Heather Clark earned her bachelor’s degree in English Literature from Harvard University and her doctorate in English from Oxford University. Her awards include a National Endowment for the Humanities Public Scholar Fellowship; a Leon Levy Biography Fellowship at the City University of New York; and a Visiting U.S. Fellowship at the Eccles Centre for American Studies, British Library. A former Visiting Scholar at the Oxford Centre for Life-Writing, she is the author of The Grief of Influence: Sylvia Plath and Ted Hughes, The Ulster Renaissance: Poetry in Belfast 1962-1972 and Red Comet: The Short Life and Blazing Art of Sylvia Plath, a finalist for the Pulitzer Prize and the National Book Critic’s Circle Award. She divides her time between Chappaqua, New York, and Yorkshire, England, where she is Professor of Contemporary Poetry at the University of Huddersfield.
Maggie Doherty teaches writing at Harvard, where she earned her PhD in English. She is the author of The Equivalents: A Story of Art, Female Friendship, and Liberation in the 1960s. Her writing has appeared in The New Yorker, the New York Times, the New York Review of Books, and the Nation, among other publications. She lives in Cambridge.
Joe Mazur is Professor Emeritus of Mathematics at Marlboro College, in Marlboro, Vermont. He holds a Ph.D. in Mathematics from M.I.T., is a recipient of fellowships from the Guggenheim, Bogliasco, and Rockefeller Foundations, among others. His works have appeared in Nature, The New York Times, The Guardian, The Wall Street Journal, Slate, Science, and many other publications. He has been profiled in media venues such as NPR’s “The Hidden Brain” and PRI’s “Innovation Lab”, CBS, the BBC, Vox, Radio Australia, Radio Ireland, and dozens of others. He is the author of Euclid in the Rainforest: Discovering Universal Truth in Mathematics; The Motion Paradox: The 2,500-Year Old Puzzle Behind All the Mysteries of Time and Space; What’s Luck Got to Do with It? The History, Mathematics, and Psychology behind the Gambler’s Illusion; Enlightening Symbols: A Short History of Mathematical Notation and Its Hidden Powers; and Fluke: The Math and Myth of Coincidence. The Clock Mirage: Our Myth of Measured Time is his latest book. He lives in Marlboro, Vermont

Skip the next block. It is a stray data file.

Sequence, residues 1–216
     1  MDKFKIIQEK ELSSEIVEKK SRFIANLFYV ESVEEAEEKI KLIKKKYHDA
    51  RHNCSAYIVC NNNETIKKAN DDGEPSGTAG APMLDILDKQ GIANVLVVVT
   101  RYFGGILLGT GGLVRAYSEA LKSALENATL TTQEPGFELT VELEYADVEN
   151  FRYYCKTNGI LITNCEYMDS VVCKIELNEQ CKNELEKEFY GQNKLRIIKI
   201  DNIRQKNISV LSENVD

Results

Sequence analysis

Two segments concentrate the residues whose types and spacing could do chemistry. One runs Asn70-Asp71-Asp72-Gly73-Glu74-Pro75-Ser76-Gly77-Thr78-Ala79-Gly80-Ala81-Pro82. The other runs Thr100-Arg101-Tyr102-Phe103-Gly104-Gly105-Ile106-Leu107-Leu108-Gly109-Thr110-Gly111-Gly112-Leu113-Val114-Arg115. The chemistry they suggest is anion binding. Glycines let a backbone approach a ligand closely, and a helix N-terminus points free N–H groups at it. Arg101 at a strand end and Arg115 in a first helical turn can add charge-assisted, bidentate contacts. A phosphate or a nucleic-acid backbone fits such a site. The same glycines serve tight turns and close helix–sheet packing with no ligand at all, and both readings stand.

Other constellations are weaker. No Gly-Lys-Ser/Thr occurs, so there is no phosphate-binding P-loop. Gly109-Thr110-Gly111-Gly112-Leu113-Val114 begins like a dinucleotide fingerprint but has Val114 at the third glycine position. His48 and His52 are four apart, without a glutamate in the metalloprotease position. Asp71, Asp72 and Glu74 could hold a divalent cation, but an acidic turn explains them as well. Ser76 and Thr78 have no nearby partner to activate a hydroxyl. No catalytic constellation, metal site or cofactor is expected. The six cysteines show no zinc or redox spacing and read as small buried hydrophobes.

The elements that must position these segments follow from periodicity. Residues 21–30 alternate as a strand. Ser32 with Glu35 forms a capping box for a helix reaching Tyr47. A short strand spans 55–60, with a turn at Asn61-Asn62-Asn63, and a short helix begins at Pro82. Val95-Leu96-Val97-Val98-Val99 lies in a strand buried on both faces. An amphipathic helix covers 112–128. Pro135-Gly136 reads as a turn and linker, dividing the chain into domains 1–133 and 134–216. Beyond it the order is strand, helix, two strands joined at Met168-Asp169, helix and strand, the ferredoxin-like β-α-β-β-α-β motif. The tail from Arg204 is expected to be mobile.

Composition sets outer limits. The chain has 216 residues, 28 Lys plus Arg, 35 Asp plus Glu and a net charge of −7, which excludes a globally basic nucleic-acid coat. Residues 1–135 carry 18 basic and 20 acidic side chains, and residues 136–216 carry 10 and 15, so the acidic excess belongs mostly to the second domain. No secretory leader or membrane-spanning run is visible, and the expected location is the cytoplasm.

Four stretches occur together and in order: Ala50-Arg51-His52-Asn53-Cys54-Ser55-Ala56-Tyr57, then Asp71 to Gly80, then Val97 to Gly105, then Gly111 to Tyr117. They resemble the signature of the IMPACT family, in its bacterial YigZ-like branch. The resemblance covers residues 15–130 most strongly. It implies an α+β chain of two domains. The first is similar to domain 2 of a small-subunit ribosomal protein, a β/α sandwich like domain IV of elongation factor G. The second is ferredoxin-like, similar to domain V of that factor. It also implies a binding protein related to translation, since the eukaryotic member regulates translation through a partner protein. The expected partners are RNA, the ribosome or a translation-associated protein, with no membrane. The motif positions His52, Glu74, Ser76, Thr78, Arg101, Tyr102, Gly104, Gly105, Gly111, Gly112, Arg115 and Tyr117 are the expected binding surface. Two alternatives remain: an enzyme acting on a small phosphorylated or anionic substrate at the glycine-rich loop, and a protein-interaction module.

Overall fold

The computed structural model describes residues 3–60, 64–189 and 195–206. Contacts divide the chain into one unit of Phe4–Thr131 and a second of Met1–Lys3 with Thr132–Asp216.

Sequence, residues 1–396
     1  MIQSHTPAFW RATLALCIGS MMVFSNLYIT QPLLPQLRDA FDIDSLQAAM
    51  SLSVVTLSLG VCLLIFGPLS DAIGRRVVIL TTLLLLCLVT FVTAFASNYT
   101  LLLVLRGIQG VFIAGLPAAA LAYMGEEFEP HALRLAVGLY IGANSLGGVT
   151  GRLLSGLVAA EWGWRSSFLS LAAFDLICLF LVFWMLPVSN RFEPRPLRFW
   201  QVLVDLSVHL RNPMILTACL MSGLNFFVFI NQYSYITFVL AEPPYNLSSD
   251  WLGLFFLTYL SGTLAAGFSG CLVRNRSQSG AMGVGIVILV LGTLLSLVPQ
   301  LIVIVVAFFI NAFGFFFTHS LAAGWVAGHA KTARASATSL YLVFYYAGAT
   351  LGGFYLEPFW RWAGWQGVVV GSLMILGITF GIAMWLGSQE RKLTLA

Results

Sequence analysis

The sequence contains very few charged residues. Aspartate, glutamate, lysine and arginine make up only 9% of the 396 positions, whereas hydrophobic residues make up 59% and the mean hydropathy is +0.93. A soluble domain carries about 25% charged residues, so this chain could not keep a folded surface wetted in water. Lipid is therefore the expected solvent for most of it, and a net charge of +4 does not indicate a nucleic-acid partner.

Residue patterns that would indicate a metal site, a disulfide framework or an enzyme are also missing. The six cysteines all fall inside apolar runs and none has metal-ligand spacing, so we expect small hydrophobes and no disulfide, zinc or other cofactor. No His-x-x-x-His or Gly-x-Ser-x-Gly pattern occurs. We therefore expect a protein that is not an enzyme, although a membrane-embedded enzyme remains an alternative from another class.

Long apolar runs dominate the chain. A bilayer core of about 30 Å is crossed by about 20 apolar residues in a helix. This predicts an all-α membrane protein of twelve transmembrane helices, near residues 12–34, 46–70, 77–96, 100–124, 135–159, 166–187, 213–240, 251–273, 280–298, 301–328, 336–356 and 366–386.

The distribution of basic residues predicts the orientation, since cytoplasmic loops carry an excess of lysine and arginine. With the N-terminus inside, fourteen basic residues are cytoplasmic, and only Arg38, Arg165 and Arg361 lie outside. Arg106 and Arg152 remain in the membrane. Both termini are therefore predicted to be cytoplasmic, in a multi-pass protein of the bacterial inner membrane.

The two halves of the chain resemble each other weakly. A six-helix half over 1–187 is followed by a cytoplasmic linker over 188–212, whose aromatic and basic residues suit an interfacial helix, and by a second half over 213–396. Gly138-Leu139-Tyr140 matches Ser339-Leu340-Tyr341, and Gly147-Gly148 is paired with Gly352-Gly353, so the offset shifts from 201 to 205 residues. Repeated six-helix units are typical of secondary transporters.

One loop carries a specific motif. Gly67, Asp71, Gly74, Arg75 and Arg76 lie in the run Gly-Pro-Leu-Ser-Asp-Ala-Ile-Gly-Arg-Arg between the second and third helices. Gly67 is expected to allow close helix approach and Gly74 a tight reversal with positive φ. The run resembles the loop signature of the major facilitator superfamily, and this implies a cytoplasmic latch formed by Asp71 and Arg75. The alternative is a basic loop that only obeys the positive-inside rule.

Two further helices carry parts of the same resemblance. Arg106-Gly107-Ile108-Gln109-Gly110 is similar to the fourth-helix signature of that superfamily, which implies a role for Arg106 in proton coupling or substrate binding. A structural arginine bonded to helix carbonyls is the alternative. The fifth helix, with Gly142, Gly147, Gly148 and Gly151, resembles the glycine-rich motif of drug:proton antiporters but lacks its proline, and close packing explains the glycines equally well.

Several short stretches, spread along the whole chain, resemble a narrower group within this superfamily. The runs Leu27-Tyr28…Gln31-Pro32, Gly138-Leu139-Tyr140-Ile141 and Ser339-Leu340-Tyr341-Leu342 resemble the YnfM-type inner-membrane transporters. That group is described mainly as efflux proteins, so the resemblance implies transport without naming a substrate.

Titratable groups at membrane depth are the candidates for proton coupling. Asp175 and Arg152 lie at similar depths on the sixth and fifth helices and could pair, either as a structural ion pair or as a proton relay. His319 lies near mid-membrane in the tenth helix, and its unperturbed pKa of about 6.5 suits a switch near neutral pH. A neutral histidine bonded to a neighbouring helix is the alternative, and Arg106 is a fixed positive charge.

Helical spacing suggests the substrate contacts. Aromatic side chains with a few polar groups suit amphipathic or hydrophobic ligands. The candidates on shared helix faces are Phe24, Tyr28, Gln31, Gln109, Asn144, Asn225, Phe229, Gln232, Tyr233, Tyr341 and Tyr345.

Dorothy Wickenden is the author of Nothing Daunted and The Agitators, and has been the executive editor of The New Yorker since January 1996. She also writes for the magazine and is the moderator of its weekly podcast The Political Scene. A former Nieman Fellow at Harvard, Wickenden was national affairs editor at Newsweek from 1993-1995, and before that was the longtime executive editor at The New Republic. She lives with her husband in Westchester, New York.
Jo Ann Beard is the author of the groundbreaking collection of autobiographical essays, The Boys of My Youth, and the novel, In Zanesville. Her new, highly acclaimed essay collection, Festival Days, was published in March. Beard’s work has appeared in The New Yorker, Tin House, Best American Essays, and other magazines and anthologies. She has received a Whiting Foundation Award and nonfiction fellowships from the John Simon Guggenheim Foundation and the New York Foundation for the Arts, and she teaches writing at Sarah Lawrence College.